In response, our small church in South Dakota graciously bought me a small rubber plant to brighten the hospital room.
Normally, I'm a lover of bright-colored, audaciously gorgeous flowers, but since this wee plain plant was given in love, I took it in and gave it a home.
For years, the plant did nothing. Sat there with its two or three boring leaves, just taking up space.
Then we moved to the Pacific Northwest—books, musical instruments, plants and all. For about four years, my rubber plant sat quietly, unobtrusively, tucked away in the corner by the dog food container. That's what I had come to expect from it. Though it was the least interesting of all plants I had ever seen, I love growing things, so I didn't actually mind watering it and giving it a bit of space in my home. Honestly, however, I wasn't at all impressed.
And then something changed. Neither of us has any idea what happened inside that little rubber plant's system, but for some reason, it began to grow. . .and Grow. . .and GROW.
After three years, we noticed that the crazy thing had branches coming out the side, new leaves constantly unfolding, and was completely outgrowing its little pot. As it took up more and more of our dining room space, we kept looking at each other, wondering what on earth it was planning to do. When our kids would come home for a meal, they would frequently stand and gape, distracted by its huge increase in stature. "Uh, Mom, what's happening to this plant???"
Now, I'm not always real quick on the uptake. Real gardeners might have realized years ago that the poor thing needed more dirt, more space, more support and structure. But as we were walking through a hardware store yesterday, I was suddenly inspired with the idea of transplanting it into an old pottery outdoor pot, whose previous occupant had sadly frozen and died last winter. All we needed was some potting soil, and a water catcher underneath to protect the rug. For under $15 and about 15 minutes of my time, our rubber plant—which has now morphed into a tree!—received a new lease on life. A welcoming place to be rooted and grounded, and, as they say, a place to stretch its wings.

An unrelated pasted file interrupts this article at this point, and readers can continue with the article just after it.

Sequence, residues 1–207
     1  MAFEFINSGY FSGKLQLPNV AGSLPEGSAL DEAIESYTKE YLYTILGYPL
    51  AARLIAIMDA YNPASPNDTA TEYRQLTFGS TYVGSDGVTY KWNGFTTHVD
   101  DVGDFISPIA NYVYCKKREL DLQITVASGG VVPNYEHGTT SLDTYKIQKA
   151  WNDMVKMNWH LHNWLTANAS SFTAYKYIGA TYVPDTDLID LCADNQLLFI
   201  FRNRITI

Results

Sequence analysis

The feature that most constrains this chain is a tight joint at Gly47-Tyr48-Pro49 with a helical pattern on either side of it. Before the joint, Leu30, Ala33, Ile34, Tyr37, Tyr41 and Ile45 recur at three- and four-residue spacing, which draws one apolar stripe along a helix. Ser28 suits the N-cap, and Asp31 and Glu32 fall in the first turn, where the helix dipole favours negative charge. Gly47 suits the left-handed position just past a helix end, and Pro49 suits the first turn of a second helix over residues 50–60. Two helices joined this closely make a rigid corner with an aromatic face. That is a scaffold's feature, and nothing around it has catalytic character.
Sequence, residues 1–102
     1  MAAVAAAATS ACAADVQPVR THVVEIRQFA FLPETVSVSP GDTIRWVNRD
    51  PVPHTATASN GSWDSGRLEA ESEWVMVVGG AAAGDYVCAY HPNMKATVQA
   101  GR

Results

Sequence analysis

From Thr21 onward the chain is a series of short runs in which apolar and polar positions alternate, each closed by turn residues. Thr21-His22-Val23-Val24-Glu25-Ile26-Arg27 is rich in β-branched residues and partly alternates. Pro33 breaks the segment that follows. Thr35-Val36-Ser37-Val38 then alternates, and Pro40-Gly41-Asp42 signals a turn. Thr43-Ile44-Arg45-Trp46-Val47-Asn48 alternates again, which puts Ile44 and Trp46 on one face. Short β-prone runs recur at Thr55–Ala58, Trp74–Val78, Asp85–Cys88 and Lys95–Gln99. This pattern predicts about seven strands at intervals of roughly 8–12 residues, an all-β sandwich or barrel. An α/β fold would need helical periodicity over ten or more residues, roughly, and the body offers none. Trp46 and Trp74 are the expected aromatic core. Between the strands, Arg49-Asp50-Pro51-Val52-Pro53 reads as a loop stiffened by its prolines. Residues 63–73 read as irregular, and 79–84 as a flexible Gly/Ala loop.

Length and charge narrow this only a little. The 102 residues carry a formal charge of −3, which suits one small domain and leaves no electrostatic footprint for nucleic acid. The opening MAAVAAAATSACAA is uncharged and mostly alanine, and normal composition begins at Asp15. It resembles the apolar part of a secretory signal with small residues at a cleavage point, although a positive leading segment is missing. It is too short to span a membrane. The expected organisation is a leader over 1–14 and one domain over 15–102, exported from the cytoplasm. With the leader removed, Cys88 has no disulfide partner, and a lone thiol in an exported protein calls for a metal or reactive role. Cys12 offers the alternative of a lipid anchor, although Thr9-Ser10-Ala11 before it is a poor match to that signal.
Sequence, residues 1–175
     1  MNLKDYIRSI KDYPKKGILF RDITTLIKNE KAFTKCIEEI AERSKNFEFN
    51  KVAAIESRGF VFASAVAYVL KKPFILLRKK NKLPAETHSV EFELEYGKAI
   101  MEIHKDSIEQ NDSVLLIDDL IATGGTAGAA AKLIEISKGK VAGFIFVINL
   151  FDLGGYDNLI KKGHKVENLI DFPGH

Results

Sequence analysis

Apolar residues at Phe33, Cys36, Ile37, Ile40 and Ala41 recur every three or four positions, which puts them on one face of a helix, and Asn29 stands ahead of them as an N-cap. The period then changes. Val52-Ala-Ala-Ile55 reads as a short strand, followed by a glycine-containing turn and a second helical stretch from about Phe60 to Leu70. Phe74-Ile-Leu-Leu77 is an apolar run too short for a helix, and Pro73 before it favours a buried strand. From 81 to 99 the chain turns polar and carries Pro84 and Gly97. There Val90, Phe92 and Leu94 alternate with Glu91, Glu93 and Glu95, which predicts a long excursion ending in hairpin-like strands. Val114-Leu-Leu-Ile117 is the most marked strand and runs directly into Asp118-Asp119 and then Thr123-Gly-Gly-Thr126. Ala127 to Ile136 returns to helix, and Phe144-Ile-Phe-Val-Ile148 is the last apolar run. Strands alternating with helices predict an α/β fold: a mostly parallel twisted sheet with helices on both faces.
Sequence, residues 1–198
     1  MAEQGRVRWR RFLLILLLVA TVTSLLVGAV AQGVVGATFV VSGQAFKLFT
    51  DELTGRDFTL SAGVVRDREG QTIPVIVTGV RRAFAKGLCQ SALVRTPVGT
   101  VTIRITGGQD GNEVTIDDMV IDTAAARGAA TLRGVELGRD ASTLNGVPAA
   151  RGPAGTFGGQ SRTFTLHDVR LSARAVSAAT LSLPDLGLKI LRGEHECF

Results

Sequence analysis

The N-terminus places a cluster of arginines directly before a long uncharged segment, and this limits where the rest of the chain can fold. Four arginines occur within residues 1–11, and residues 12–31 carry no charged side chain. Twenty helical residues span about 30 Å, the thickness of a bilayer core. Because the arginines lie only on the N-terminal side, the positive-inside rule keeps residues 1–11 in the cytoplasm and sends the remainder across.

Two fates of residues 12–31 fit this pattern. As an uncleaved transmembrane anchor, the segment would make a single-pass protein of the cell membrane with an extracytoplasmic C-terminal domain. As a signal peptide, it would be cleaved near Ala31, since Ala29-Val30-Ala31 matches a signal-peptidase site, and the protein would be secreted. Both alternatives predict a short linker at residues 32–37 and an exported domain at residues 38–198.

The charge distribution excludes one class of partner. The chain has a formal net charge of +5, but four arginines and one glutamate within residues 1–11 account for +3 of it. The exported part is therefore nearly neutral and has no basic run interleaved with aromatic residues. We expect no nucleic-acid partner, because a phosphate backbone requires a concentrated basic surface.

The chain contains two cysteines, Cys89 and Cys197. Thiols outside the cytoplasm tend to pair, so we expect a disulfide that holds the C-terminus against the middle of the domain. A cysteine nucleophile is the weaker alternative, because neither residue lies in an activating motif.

Now, here's the question:
Is there anyone in YOUR home that needs a little time and attention? Maybe you've noticed one of your kids, who has always been quiet and unobtrusive, starting to bloom, talk, and be social. I encourage you to give them room and encouragement to become all that God has set within them—even if it's different from what you thought it might be.
Or, perhaps it's you that is unexpectedly growing, having new, healthier responses, finding interests in increasing areas, I applaud you! And, as one who just learned something valuable last night, I would encourage you to make space to become all that God has set within you. Give yourself permission to grow and change.
He shall be like a tree planted by the rivers of water,
That brings forth its fruit in its season,
Whose leaf also shall not wither;
And whatever he does shall prosper.